So, sweating them out regularly keeps you on track.
Because we can’t talk about saunas without talking about relaxation, can we?
That is one of the main purposes of a sauna, after all, to help you relax and shed some stress after a hard day.
First of all, a sauna works well for your psyche because you are actually telling yourself that ‘okay, this is my time to chill out’.
It’s a designated relaxation space, which of course encourages you to chill.
Second, the intense heat of the sauna automatically increases your heart rate.
Higher heart rate also means that your body is releasing more endorphins, which of course make you happier.
So, saunas aren’t just allowing you to blow off steam, but they are actually helping you get happy. What more could you ask for?
What Are The Other Sauna Benefits?
Of course, these are just some of the key benefits of visiting a sauna regularly.
Depending on whom you ask, you might hear of all sorts of other reasons why people go to the sauna.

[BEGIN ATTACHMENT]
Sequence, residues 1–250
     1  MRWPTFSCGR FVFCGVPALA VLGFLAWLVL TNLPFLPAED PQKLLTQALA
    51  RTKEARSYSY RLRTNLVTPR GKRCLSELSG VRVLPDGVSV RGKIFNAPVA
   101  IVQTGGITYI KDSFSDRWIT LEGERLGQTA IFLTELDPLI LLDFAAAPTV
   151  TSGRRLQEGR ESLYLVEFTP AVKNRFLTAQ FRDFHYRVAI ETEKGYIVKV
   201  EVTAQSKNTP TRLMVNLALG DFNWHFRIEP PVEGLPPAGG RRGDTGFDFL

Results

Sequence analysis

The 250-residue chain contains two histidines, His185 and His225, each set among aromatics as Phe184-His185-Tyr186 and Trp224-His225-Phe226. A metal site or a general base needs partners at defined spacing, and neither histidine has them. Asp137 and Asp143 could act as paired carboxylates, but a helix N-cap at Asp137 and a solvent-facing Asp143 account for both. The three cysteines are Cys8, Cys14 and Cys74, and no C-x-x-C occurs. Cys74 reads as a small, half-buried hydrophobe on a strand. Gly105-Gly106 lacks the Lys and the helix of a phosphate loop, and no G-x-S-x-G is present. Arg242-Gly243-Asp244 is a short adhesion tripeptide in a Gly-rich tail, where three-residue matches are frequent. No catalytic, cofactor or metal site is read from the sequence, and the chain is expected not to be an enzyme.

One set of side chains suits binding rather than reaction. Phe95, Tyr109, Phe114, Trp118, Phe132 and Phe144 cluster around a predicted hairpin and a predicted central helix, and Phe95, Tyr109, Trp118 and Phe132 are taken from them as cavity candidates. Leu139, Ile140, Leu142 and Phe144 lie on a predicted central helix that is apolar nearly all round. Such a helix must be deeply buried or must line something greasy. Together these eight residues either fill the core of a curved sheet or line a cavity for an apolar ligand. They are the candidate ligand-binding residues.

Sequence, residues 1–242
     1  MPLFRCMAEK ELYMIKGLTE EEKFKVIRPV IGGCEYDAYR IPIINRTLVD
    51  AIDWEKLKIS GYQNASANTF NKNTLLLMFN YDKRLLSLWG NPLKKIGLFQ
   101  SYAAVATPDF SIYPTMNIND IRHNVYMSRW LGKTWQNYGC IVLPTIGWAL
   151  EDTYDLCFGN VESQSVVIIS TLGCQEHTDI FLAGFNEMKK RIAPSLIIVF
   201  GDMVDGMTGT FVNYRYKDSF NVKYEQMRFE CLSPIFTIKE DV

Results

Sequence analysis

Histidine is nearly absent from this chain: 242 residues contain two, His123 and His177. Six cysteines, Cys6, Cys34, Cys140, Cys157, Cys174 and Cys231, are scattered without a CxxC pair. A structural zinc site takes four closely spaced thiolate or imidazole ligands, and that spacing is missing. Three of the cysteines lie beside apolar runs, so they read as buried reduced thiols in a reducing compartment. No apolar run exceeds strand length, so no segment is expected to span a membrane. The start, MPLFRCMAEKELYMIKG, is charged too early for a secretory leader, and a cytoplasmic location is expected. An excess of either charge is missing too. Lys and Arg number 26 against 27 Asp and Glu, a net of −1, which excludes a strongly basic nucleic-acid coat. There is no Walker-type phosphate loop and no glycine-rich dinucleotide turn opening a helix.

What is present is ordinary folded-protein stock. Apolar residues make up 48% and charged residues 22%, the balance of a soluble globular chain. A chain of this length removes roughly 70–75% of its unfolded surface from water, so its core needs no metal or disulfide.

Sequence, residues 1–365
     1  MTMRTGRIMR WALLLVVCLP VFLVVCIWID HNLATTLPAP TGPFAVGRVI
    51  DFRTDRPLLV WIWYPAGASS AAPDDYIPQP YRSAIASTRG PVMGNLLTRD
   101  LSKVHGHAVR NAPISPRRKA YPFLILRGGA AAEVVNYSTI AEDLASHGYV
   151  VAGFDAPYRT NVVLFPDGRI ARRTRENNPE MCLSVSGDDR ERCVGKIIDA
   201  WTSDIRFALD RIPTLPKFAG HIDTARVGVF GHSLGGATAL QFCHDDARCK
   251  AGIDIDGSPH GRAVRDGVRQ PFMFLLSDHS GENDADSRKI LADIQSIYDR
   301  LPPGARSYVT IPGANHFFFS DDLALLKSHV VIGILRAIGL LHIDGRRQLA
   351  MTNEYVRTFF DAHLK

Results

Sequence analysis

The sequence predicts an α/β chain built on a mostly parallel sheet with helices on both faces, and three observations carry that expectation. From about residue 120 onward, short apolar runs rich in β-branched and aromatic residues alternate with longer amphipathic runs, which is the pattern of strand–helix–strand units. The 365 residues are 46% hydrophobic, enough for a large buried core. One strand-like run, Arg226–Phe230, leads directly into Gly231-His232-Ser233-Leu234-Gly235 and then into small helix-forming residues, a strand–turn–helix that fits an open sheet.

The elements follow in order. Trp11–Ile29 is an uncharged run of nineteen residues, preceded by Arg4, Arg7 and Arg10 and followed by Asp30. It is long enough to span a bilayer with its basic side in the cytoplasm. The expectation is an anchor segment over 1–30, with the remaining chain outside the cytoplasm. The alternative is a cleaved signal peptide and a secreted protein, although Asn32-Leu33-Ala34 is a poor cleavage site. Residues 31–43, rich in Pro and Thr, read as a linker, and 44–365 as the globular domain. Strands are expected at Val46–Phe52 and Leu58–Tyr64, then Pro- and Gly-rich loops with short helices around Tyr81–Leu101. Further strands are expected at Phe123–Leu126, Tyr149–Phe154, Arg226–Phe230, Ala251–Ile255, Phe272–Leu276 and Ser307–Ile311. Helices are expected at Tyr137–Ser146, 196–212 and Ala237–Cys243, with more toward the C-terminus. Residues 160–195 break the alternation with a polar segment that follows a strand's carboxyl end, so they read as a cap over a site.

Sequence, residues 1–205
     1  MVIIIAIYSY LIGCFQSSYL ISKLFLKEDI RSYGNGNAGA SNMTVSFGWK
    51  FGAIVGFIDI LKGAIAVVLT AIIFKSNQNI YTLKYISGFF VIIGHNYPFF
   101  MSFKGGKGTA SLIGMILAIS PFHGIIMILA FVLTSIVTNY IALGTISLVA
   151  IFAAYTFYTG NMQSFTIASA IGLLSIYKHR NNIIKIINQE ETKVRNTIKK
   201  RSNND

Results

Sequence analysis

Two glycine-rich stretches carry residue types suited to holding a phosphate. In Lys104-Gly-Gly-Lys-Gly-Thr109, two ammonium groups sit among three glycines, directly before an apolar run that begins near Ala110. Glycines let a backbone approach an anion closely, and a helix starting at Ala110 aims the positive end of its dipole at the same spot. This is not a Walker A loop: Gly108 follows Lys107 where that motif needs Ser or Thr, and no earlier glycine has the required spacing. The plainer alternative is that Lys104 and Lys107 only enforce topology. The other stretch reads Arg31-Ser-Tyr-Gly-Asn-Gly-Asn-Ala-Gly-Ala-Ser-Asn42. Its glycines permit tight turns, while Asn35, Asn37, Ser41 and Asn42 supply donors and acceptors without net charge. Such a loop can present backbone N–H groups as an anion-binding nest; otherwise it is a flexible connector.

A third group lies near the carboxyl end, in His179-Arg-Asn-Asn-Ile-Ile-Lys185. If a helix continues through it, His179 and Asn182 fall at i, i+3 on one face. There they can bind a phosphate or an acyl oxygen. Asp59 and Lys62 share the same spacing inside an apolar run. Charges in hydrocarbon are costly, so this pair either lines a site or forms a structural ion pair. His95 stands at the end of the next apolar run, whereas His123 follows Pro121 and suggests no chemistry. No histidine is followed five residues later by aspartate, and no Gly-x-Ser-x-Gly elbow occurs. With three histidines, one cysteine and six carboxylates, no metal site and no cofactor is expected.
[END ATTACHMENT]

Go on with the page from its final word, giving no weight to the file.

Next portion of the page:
Some even see it as a social event. Since most of us don’t have the luxury of having our own private sauna, we usually share it with other people, be it friends or strangers.
And it’s a wonderful occasion for you to connect and socialize. There are basically no distractions available in a sauna.
You can’t take your phone in with you, so there’s no chance you’ll be staring at the screen throughout the conversation, and most saunas have pretty basic interior design. All the better for deep, meaningful conversations.
So now that we’ve looked at all the wonderful things a sauna visit can do for your general health, let us turn to the question which brought us all here.
Sauna Before or After Workout?
Remember that study we mentioned earlier, about how a sauna can improve your athletic performance?
Well, according to that study, this is only true if you go to the sauna after your work out.
More specifically, the study looked at runners who visited the sauna after their session.
Why is it important to go to the sauna after and not before your workout?
There are actually a few reasons for this.
First of all, the excessive heat is not what you want to subject yourself to before training.
As we mentioned earlier, the heat of the sauna improves blood circulation, which in turn gets your muscles to relax.
This is great when you’re looking to ease some pain or soreness, but definitely not so great when you’re wanting a vigorous workout.
While many believe that it’s a good idea to relax your muscles (by stretching, for example) before you workout.